Tuesday, August 24, 2010

The Myth of The One

RevWik has been on hiatus for a while.  I've been on one of those metaphoric motorcycle trips into the back country, ridiing the blue highways of my soul trying to figure a few things out.  It's good, every now and then, to cut out, live off jerky and biscuits, and sleep out under the stars.

But I'm back again, and I've got a lot of things on my mind, so I should be writing up a storm.  My plan is to get back to writing regularly -- Mondays, Wednesdays, and Fridays.  I'm also planning on going back to writing on whatever topic is on my mind. I'd gotten rather focused for a while on prayer and, while that's important to me, there are other things I've been musing about, too.

Like, for instance, the myth of The One.  The photo is, for anyone who hasn't seen one of the Wachowski brother's Matrix films, Keanu Reeves as Neo.  I'll be using this movie as my reference point, but I could just as well be using any of a hundred other films, books, comic books, or other stories which have essentially the same plot.

Neo, for those who don't know, is an average guy who is told that he may be "The One," a person of mythic ability and importance.  The film chronicles his attempts to discover if he is, indeed, The One.  Some people believe that he is; others doubt it.  At times he, himself, grows to believe it, and there are certainly experiences he has along the way which would give him reason to.  And yet, he also faces obstactles and challenges that try his growing conviction, which cause him to doubt.

Whether he is or not we'll leave up in the air -- I don't want to spoil the movie for you if you haven't seen it.  (But if you've ever watched any American TV or movies or read a comic book in your life, then you already know the answer.)  What matters to me is that I grew up on this myth.  I took it in with the air I breathed and the food I ate.  It became a part of me. 

I wonder how many other people this is true of?  Raised on a diet of Kwai Chang Kane and Al Monday, Steve RogersJohnny Storm, and Hal Jordan, not to mention Jesus and Buddha, the myth of The One -- the Special One, the Chosen One -- has deep roots in many of us.  And I wonder how many, like me, have uncounsciously wondered -- let's be honest -- if in some way, in some place in our lives, we were The One?  As a husband, am I The One?  As a preacher and a minister?  A father?  A writer? Will it be my archery?  My juggling?  Will something in my life single me out and designate me as special, unique, the One that people have been waiting for?  Am I, The One?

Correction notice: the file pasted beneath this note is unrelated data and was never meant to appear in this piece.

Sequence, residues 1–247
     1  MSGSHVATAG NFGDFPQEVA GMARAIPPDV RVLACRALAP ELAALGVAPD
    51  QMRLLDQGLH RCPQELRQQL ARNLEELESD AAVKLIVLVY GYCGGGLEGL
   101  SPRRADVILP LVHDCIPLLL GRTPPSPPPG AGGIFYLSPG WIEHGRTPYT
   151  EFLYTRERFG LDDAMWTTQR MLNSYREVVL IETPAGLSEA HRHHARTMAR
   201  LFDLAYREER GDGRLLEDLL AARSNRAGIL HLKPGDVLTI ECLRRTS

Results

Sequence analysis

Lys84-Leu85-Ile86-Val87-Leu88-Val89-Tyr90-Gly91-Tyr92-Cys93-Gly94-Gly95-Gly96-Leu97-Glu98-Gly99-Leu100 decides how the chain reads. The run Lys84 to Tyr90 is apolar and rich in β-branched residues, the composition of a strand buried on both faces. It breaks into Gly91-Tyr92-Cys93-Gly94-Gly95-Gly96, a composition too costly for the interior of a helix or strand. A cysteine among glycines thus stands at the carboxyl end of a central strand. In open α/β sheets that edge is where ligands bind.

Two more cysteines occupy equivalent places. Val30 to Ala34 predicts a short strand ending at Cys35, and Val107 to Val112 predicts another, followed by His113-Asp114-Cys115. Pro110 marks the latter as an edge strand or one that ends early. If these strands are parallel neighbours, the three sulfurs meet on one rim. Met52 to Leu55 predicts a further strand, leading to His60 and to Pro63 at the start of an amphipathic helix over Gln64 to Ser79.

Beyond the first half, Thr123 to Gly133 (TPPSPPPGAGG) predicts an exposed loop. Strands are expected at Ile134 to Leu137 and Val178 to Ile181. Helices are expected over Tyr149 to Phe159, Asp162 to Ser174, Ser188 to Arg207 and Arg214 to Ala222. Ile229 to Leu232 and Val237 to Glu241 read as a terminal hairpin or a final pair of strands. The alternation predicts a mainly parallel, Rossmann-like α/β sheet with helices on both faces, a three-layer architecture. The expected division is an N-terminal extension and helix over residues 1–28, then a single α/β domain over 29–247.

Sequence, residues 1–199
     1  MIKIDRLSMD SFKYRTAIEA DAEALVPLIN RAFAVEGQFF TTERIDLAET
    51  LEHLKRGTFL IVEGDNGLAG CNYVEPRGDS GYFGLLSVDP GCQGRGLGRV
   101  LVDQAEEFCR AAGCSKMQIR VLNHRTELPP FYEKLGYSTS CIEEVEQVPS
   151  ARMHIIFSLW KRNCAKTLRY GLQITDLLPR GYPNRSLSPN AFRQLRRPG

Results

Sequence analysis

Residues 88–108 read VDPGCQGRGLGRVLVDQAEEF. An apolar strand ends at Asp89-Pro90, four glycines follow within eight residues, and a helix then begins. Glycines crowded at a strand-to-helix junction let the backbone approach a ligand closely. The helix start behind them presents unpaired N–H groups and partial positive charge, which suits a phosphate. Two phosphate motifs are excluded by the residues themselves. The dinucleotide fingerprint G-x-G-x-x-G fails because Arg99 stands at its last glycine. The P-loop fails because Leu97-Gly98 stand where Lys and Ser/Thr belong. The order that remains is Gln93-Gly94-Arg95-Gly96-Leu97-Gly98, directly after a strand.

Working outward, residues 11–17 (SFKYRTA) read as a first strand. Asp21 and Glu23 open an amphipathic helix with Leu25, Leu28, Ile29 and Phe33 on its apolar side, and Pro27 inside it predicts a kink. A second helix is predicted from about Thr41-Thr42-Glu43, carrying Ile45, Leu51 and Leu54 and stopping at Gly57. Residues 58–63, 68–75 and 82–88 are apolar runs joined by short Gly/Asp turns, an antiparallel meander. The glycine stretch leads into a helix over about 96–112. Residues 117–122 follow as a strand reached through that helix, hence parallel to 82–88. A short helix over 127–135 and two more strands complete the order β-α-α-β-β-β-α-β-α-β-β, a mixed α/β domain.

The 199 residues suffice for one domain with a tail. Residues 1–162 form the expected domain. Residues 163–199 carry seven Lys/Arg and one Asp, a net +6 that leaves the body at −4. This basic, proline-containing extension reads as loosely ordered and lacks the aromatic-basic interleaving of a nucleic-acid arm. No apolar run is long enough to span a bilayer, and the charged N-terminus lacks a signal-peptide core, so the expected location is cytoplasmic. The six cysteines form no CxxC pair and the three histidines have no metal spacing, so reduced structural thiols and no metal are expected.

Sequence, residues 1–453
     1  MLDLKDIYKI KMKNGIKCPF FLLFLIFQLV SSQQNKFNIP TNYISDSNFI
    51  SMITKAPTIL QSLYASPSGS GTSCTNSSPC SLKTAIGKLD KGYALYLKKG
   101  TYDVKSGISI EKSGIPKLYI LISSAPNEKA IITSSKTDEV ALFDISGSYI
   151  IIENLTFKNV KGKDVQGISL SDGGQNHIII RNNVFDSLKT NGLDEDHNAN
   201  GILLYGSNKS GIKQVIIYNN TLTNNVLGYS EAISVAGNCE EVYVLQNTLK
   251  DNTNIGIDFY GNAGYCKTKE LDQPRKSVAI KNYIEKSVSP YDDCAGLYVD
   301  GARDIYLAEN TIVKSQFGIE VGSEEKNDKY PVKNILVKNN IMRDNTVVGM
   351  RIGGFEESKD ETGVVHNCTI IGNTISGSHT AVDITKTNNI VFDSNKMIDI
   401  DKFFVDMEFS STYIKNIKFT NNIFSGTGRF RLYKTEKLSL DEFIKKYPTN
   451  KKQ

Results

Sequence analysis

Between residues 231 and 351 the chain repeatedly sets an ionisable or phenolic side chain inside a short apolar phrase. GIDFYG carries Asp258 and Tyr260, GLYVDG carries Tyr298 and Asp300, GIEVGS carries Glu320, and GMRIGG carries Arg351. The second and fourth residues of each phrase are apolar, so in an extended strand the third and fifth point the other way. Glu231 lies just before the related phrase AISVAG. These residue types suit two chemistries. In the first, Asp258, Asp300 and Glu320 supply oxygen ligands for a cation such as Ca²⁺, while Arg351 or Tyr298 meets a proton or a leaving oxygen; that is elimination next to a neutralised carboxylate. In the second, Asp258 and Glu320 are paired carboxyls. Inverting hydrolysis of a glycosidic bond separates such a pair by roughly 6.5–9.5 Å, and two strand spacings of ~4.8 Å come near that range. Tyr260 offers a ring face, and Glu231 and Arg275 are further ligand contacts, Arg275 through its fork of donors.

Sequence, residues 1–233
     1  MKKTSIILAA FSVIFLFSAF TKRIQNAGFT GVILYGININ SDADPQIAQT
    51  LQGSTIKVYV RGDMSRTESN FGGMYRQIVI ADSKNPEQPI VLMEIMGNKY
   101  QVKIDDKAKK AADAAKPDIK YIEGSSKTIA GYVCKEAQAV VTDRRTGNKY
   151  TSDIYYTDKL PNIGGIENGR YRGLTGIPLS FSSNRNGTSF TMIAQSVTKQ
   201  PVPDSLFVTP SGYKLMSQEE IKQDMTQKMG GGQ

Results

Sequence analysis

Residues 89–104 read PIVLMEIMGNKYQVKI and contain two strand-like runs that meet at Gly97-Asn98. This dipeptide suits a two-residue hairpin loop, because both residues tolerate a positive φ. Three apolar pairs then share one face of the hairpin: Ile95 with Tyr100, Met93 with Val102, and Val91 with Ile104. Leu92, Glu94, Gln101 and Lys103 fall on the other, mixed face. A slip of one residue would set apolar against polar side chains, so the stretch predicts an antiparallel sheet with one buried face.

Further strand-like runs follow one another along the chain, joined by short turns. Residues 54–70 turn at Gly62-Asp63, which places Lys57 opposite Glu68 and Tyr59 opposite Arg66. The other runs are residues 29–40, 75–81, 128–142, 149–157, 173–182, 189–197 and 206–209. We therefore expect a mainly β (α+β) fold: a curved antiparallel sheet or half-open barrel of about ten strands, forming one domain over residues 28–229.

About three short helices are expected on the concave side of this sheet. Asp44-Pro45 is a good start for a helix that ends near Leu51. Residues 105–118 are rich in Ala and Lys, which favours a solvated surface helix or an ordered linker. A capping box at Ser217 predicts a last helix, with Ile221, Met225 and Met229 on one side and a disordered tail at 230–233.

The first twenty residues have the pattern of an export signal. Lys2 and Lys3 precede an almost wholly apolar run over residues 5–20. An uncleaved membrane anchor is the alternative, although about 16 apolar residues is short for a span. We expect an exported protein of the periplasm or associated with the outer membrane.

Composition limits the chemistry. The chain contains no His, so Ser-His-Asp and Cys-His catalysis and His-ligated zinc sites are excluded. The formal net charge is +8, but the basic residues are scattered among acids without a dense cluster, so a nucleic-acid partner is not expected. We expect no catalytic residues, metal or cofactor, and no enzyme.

So, now, back to the myth and the movie.  I've gotten to wondering -- what if Neo isn't The One?  I know, it'd blow the whole ending of the movie and certainly mess up the trilogy, but what would it mean for him personally?  How important is it, really, to be The One?  Morpheus and Trinity are both amazing fighters.  Astonishing, really.  Would it be so bad to be "only" as good as they are?  Even Mouse is kind of cool in his own way.  Why is it so important to be The One?

Wouldn't it have been cool if the first movie had ended with Neo realizing that he was The One.  After all, storytelling conventions must be obeyed at some level.  But what if, in the second or third, he realized that he wasn't The One after all -- that there was no One.  Or, rather, that each of us is The One.  What if he helped to awken The One in Morpheus and Trinity and Niobe and all of the others, and together they dismantled the matrix?

In the Christian scriptures Jesus is remembered as telling his disciples that they will "do what I have been doing [and] will do even greater things than these . . ."  (John 14:12)  Yet through the centuries the myth has held that Jesus was The One and everyone else was (and is) a mere shadow.  What if we'd been raised on that other story?  Not the one -- the many?

In Gassho,